Infected bats normally transfer rabies to humans through bites. Though the mammals typically do not behave aggressively toward humans, cornered or frightened bats may bite out of self-defense.
Signs of Infestation
- Guano: The sight and smell of guano is a reliable sign of a bat infestation.
- Sounds: Hearing unexplained noises from the attic may also indicate the presence of bats.
- Sight: Actually spotting the pests in the home is a fairly rare occurrence, as bats are primarily nocturnal and usually sleep during daylight hours. Though sighting a bat in the house during the day is not necessarily a definitive indicator of an infestation, the incident often qualifies as significant cause to have a pest control specialist investigate the home for signs of bat colonies.
Exclusion, or preventing the flying mammals from entering structures in the first place, is widely regarded as the most effective way to avoid bat infestations.
Bat-proofing homes or office buildings may consist of an assortment of methods, including:
- Adding screens to openings.
- Sealing crevices.
- Implementing chemical repellents.
Though the process sometimes proves costly and/or impractical, installing lights to continuously illuminate attic spaces reduces dark areas and can create a less favorable roosting environment for bats.
However, avoid placing bright lights outside in an attempt to repel the pests, as this will attract insects like moths and mosquitoes, which will subsequently attract more bats.
Tips for Removal from Home
Because many varieties of bats are endangered or threatened species and valuable to the ecosystem, poisons and other lethal traps are eschewed by professional pest control experts.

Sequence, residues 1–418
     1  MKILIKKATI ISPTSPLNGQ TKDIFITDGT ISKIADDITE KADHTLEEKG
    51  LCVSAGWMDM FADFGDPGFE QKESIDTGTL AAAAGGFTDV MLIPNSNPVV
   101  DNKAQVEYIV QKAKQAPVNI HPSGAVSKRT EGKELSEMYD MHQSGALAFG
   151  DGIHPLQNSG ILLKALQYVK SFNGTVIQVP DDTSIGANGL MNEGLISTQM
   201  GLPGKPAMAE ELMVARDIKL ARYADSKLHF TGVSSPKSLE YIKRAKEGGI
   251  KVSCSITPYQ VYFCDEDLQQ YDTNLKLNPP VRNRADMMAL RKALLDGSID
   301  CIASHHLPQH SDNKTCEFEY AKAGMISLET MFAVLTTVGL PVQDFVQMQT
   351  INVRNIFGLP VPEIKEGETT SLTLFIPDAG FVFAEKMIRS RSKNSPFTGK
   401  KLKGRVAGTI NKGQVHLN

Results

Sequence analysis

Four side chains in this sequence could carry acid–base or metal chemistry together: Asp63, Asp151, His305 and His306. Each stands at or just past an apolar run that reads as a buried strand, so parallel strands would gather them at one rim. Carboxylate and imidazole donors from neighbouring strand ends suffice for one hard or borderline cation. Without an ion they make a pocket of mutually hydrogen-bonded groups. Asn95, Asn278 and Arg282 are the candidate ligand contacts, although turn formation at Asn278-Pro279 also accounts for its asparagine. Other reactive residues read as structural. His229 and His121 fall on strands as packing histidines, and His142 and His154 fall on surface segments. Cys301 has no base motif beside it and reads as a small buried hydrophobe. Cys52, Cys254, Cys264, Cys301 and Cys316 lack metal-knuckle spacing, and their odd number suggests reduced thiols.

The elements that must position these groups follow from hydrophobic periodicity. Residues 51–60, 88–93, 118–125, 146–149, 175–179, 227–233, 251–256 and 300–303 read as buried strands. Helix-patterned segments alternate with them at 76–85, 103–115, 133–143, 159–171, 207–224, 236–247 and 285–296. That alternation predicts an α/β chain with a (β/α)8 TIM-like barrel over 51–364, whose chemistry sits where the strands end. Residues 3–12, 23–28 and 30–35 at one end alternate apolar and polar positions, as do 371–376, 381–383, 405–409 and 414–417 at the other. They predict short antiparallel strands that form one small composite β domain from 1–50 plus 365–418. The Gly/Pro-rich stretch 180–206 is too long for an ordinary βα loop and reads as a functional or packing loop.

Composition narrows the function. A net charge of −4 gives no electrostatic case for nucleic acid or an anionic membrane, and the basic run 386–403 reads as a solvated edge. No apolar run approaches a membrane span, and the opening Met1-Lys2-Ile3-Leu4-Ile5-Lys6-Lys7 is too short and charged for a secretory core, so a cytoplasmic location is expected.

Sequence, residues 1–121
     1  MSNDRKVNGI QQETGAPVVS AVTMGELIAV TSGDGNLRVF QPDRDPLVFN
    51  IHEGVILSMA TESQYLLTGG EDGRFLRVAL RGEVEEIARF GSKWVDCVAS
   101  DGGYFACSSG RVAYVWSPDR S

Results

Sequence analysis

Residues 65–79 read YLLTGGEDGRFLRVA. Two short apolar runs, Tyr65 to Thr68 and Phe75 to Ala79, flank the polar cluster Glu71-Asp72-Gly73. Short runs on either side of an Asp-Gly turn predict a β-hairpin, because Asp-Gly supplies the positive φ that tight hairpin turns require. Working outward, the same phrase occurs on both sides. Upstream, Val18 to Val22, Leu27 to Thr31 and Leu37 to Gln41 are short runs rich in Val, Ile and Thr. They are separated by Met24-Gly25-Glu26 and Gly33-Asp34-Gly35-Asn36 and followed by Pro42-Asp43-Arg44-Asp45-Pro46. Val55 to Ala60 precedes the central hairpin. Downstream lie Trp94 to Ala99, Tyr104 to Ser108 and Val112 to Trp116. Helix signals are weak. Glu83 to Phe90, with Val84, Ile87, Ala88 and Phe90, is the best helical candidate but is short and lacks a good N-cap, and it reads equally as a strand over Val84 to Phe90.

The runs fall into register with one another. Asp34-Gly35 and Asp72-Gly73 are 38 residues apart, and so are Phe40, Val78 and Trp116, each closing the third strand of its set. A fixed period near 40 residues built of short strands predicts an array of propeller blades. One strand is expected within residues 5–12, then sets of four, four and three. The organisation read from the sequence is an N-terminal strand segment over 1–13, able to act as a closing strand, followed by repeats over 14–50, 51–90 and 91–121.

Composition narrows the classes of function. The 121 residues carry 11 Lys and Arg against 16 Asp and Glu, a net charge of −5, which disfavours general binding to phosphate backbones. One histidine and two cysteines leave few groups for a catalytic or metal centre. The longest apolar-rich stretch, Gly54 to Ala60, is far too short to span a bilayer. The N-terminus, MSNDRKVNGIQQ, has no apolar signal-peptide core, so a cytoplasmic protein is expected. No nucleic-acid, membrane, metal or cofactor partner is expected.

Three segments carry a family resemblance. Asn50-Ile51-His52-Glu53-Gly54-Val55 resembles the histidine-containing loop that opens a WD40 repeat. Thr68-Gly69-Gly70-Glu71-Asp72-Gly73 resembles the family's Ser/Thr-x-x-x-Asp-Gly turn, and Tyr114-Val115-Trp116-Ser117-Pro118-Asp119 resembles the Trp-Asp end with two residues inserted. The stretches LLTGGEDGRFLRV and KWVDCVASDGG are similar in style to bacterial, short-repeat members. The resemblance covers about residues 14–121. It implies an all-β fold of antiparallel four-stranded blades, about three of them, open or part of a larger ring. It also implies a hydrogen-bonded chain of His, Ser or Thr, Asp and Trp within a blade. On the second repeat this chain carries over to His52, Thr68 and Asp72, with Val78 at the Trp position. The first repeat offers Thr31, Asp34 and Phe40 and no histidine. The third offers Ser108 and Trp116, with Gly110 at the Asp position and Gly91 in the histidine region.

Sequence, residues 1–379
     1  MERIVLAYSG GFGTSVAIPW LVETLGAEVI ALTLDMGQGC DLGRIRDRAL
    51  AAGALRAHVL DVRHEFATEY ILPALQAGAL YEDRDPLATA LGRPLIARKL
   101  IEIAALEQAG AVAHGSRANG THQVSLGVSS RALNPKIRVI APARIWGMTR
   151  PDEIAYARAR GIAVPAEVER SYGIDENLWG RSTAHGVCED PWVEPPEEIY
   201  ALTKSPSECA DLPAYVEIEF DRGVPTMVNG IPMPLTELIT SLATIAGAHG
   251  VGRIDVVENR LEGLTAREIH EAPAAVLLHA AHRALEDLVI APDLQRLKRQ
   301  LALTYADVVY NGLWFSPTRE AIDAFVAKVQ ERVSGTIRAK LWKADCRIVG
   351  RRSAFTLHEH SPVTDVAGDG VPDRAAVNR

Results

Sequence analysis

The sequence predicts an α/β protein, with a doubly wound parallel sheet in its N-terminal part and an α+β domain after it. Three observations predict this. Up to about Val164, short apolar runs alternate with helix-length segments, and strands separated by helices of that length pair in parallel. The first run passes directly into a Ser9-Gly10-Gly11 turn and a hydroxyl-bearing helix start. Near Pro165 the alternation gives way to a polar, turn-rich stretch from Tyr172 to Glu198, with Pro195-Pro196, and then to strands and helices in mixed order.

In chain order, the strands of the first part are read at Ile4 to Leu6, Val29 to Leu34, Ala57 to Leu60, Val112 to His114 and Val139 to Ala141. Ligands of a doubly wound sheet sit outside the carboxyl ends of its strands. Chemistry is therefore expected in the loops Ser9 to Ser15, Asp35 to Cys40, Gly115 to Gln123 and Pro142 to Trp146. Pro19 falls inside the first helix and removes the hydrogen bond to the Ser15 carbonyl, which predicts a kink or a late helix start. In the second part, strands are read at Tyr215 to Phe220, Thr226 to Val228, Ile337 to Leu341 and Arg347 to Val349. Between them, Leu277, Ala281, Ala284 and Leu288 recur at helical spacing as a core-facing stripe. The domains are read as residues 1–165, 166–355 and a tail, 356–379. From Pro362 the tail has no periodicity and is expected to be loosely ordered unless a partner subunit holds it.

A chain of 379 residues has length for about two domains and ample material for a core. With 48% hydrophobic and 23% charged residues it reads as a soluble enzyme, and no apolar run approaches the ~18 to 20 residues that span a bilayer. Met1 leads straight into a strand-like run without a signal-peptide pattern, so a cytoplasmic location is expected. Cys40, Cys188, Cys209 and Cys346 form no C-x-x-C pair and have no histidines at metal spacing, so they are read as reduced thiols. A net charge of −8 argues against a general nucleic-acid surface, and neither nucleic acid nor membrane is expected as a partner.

Provide An Exit
In the case of a single bat entering a residence or workplace, opening windows and doors often allows the animal to fly out unprompted.
Always wear leather gloves while handling bats to avoid being bitten. For the safest and most effective results, leave the work to a pest control expert.
Call the Experts
Furthermore, large infestations of bats are best handled by professional pest control specialists.
Bat removal can be a recurring need, especially if the issues that make your home an attractive nesting site are not addressed. Bats will return to the same place year after year, so it is important to take action.
Rustling in the walls or ceiling is a telltale sign of a bat, and once they’re inside, guano and urine can leave a damaging mess.
Calls for bat removal in certain parts of Western’s service area have been on the rise. If you’re facing problems, don’t attempt bat removal on your own.
Professional Bat Removal and Exclusion
With bat removal, it’s not just about getting bats out – it’s about keeping them out.
However, bats do have positive qualities (eating insects for one). That makes the right bat removal method important.
Western is committed to taking a humane approach:
- Bat ID: First, your technician will confirm that bats are present and identify entry points
- Bat removal: Bats will then be removed, although it is sometimes sufficient to focus on exclusion (bats feed at dusk, and will often vacate a property to do so)
- Bat exclusion: Finally, future bat removal needs are mitigated by removing access to bat nesting sites in the home
The most common bats in our area are the little brown bat and big brown bat. It is important to note that guano and bat urine must be thoroughly cleaned once a nesting site has been addressed: bat deposits can damage your walls and insulation over time, and are also linked with respiratory and other illnesses.
For ethical bat removal that gets results, contact Western.
Learn more about Western’s comprehensive Home Pest Control Plans.
Call for service: (877) 250-3857